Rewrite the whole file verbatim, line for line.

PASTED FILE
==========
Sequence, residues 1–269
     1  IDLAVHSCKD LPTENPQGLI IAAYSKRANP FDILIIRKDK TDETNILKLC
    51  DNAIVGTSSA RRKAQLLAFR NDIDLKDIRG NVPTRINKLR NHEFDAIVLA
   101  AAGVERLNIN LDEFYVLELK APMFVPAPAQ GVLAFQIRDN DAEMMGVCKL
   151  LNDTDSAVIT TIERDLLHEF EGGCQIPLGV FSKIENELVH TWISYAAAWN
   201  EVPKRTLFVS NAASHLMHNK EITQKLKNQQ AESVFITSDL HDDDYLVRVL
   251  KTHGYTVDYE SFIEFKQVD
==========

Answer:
Sequence, residues 1–269
     1  IDLAVHSCKD LPTENPQGLI IAAYSKRANP FDILIIRKDK TDETNILKLC
    51  DNAIVGTSSA RRKAQLLAFR NDIDLKDIRG NVPTRINKLR NHEFDAIVLA
   101  AAGVERLNIN LDEFYVLELK APMFVPAPAQ GVLAFQIRDN DAEMMGVCKL
   151  LNDTDSAVIT TIERDLLHEF EGGCQIPLGV FSKIENELVH TWISYAAAWN
   201  EVPKRTLFVS NAASHLMHNK EITQKLKNQQ AESVFITSDL HDDDYLVRVL
   251  KTHGYTVDYE SFIEFKQVD